Glutenhead messes with your mind in his new single and animated video A Windy Day — premiering exclusively on Tinnitist.
Taken from the Toronto experimentalist’s recently released debut disc Glugen Frau, A Windy Day fuses a chiming, percussive art-pop soundscape, a surreal spoken-word lyric and Andrew Lang’s brightly coloured but increasingly claustrophobic visuals into a creation that is equal parts creepy, perplexing and trippy.
It’s all part of multi-instrumentalist, producer and Glutenhead mastermind Benjamin Shapiro’s distinctly multi-layered sonic style, an artistic approach that is chaotic and catchy by deliberately delightful design.
“The music is mostly aimed at representing the impressionistic and surreal quality of dreams and memories,” Shapiro shares. “I was studying neuroscience when I learned just how fluidly our brains construct our reality. The brain’s weakness and strength is the inability to discern what is real. There is a top-down influence on our perception, our minds simultaneously making connections between bits of information and building what we perceive.
“I learned how every word, construct, idea has weight because each has the capacity for a universe, and an opportunity for meaning. Each one holds time and place inside itself, recalling personal experience, and allowing that internal experience to unfold into the external world. Language, then, becomes a raw material to construct the experience around it.”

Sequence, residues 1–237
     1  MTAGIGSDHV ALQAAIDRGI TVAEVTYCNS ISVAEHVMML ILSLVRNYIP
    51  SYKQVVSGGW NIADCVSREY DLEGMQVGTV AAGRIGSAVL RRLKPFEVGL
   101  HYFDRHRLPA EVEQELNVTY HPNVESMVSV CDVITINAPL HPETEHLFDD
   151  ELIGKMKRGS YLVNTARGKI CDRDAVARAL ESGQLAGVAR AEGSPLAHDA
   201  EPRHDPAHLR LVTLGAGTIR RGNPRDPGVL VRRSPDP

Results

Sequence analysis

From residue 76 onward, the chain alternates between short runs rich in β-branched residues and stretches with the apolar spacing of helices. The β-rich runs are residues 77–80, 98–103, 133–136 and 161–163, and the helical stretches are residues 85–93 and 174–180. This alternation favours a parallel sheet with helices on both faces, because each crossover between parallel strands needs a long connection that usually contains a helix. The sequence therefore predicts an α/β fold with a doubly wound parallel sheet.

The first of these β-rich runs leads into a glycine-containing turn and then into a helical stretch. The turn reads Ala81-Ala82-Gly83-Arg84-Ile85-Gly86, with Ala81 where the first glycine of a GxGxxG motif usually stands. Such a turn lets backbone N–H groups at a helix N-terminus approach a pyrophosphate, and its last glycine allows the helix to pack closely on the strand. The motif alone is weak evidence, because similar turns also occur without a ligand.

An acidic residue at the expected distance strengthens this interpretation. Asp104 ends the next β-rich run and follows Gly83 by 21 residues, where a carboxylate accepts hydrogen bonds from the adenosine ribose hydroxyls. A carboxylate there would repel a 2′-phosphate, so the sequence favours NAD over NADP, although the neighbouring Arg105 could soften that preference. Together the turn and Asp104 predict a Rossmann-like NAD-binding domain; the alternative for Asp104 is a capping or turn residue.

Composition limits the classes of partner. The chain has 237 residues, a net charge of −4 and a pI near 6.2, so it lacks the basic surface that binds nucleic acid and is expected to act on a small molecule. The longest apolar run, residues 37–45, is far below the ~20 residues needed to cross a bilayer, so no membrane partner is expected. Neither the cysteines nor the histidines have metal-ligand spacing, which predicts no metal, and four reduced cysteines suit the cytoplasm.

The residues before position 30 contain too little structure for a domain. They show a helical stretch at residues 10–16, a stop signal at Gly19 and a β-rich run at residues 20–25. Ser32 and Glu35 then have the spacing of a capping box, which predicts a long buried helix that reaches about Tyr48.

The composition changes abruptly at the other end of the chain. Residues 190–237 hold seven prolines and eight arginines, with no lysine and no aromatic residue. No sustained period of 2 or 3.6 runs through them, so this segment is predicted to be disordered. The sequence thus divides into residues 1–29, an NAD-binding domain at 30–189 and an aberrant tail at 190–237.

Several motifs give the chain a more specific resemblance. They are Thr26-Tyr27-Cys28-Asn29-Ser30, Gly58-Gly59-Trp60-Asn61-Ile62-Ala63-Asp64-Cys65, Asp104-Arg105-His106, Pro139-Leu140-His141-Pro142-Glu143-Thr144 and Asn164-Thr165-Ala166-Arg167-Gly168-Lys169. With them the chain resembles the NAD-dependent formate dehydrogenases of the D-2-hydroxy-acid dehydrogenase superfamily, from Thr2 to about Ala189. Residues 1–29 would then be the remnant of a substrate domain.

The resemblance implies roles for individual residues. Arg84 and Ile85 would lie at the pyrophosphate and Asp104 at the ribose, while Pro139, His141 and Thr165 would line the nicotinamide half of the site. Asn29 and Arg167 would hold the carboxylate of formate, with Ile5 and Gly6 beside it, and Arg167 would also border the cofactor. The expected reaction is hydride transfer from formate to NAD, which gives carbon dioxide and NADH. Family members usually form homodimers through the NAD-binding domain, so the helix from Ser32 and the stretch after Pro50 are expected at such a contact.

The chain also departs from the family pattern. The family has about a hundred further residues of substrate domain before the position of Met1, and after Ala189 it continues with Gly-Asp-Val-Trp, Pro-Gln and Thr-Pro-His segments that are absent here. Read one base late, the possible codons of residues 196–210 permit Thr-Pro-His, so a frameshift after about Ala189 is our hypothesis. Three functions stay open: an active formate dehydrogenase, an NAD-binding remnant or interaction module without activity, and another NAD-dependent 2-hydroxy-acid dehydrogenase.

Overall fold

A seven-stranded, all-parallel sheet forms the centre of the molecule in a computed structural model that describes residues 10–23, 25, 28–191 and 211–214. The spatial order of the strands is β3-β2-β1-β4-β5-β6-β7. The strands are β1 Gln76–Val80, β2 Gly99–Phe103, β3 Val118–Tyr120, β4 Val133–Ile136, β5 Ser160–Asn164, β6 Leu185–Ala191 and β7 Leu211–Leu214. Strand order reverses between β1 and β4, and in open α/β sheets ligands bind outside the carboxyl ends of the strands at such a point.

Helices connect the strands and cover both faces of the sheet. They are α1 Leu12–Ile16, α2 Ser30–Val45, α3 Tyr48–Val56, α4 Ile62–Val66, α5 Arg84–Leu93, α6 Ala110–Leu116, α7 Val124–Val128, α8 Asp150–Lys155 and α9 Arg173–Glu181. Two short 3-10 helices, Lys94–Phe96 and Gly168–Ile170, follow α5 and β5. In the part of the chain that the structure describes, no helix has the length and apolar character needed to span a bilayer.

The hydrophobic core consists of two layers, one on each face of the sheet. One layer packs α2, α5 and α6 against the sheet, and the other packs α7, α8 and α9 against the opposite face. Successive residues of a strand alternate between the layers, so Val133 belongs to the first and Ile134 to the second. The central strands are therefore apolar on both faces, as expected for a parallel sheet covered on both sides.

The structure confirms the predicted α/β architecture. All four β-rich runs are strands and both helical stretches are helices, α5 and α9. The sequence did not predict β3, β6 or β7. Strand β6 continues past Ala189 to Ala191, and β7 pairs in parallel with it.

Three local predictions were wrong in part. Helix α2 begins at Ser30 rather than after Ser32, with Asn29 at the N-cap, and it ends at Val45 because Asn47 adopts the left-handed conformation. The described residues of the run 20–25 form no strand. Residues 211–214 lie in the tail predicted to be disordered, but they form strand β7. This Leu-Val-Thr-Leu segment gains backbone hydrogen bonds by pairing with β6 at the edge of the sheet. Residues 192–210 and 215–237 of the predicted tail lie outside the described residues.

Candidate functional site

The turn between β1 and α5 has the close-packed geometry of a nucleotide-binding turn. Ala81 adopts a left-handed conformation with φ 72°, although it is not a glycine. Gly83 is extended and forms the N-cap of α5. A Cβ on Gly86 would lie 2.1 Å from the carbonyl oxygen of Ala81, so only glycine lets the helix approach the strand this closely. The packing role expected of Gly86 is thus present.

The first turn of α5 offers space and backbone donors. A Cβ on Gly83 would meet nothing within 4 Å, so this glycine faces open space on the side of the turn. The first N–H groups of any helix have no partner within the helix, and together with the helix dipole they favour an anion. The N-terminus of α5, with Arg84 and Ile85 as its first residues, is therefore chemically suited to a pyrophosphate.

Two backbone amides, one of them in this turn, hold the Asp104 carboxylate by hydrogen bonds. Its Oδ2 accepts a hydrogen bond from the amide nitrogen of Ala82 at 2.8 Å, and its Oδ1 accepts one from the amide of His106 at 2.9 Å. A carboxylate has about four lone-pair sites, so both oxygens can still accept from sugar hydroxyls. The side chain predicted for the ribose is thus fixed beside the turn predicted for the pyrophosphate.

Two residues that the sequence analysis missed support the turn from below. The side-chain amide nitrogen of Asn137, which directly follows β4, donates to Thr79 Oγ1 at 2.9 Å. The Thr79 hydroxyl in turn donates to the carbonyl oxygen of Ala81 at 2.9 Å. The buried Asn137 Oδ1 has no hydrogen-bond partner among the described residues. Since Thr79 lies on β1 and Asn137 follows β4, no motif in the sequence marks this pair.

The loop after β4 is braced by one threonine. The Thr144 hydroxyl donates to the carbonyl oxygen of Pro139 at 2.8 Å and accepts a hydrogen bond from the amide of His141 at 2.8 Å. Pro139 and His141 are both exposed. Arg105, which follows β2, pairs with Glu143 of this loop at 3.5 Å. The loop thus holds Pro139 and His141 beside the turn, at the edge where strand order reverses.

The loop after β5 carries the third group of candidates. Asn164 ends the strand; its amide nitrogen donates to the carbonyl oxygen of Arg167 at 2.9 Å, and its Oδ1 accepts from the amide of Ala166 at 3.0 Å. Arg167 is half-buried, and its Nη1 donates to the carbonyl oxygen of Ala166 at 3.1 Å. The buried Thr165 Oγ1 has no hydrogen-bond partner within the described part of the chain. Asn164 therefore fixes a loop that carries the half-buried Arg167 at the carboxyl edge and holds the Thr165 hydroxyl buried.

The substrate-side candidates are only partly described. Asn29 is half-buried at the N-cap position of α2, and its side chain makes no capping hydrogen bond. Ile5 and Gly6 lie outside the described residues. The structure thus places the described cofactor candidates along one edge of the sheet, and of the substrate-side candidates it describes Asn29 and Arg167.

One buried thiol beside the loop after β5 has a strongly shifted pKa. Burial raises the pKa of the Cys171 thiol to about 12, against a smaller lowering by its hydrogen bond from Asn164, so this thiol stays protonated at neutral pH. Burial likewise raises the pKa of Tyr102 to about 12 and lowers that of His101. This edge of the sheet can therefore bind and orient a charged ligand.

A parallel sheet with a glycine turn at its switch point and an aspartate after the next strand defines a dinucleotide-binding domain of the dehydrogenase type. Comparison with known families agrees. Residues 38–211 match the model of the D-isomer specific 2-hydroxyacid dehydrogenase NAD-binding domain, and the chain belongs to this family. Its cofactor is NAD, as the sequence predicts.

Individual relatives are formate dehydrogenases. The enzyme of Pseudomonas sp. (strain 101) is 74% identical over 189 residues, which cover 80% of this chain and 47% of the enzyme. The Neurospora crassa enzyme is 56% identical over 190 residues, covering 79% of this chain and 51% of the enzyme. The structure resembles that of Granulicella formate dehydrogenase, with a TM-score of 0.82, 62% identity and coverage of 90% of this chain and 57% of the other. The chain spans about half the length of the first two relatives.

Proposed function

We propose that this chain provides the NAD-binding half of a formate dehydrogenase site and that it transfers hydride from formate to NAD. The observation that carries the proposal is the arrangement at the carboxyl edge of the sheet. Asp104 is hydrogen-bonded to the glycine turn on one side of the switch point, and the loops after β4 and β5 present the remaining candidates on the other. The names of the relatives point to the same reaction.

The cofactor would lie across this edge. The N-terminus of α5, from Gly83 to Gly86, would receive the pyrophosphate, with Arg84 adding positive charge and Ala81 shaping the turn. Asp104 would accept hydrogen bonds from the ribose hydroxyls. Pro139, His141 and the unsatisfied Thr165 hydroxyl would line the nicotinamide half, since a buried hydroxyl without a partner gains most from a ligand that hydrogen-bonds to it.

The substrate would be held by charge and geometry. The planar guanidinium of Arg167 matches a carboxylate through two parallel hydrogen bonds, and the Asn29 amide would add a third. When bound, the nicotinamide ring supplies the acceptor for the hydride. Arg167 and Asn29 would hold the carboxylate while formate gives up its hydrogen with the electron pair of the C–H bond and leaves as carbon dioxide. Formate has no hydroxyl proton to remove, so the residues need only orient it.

As he started to tire of his course load — which also included philosophy and music — Glutenhead “became an outlet for my creative and existential musings.”
“It exists as a project linked to a place and people. It’s the composite of the influence of living, writing, and recording in Casa del Crusto — a 19th century, completely cut-up and slightly run-down Victorian home on a quiet side street in the middle of hot streak Toronto — that was always full of people moving in and out, bringing home their own kinds of mess and endeavours. It’s a chaos that considers the coming-to of a collective thought, the friction and energy between people, their own intimacies.”